Good Sam Roadside Assistance covers drivers in the United States, US Virgin Islands, Puerto Rico, Mexico, and Canada.

Similarities Between AAA and Good Sam

AAA and Good Sam have certain things in common, including:

Multiple Subscription Options: Both companies have multiple subscription options at multiple price points. If you want maximum coverage and protection, you can pay around $130 per year, for example. If you want basic coverage – say, for emergency roadside situations only – then you can pay $60 to $80 per year for the most basic plan.

Coverage in Canada: Both AAA and Good Sam provide coverage in the United States and Canada.

Coverage for All Vehicles: AAA and Good Sam cover all types of vehicles, including motorcycles, RVs, trailers, light trucks, SUVs, and automobiles. Both organizations consider a light truck as anything with 1,500 to 4,000 pounds of load capacity. There are no extra charges for any of these vehicles.

Mobile Apps: AAA and Good Sam both offer mobile apps. Install the apps on your phone, then access roadside assistance or other membership services at any time.

Travel Planning: AAA and Good Sam are best known for their roadside assistance, although both organizations offer travel planning to members. You can access travel discounts, vacation packages, free road maps, and other services with AAA and Good Sam.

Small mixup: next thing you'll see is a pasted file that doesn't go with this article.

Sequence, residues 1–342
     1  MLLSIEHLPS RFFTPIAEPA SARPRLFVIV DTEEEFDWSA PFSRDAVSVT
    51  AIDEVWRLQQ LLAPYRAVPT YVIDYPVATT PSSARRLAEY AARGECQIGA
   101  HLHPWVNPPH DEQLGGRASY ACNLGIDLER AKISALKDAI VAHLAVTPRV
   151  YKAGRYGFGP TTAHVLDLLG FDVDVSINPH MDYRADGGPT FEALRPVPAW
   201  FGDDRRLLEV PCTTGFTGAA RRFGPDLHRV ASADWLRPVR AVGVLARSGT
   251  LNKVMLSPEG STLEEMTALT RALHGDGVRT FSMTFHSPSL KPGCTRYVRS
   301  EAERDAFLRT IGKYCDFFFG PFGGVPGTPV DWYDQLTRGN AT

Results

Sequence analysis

Customer Service Support: Both Good Sam and AAA offer customer support via phone, email, and online forms.

Insurance: Both AAA and Good Sam are affiliated with insurance providers, allowing members to get discounts on car insurance.

Travel Interruption Coverage: Both AAA and Good Sam cover travel interruptions, which means you receive reimbursement for meals and lodging if your vehicle breaks down when you are more than 100 miles away from home.

Differences Between AAA and Good Sam

AAA and Good Sam share many things in common. The two organizations are very competitive with one another. However, crucial differences between the two organizations include:

Price: AAA’s standard plan starts at around $60 per year, while Good Sam’s annual plan is priced at $79.95 per year.

Additional Person Coverage: Good Sam charges nothing to add another person to your plan, while AAA charges $34 per year to add another person.

Call Limits: Good Sam restricts you to 5 free service calls per year, while AAA restricts you to 4 free service calls per year.

Towing Limits: Good Sam has no towing limits, while AAA has a 5-mile towing limit (on its standard plan).

Coverage in Mexico: Good Sam provides roadside assistance in Mexico, while AAA does not.

If you hit your towing limit, you can still have your car towed beyond this limit, although you’ll need to pay extra. Similarly, with call limits, if you have already made 4 or 5 calls per year and need to make one more, then you can still make that call – you’ll just need to pay a certain overage fee.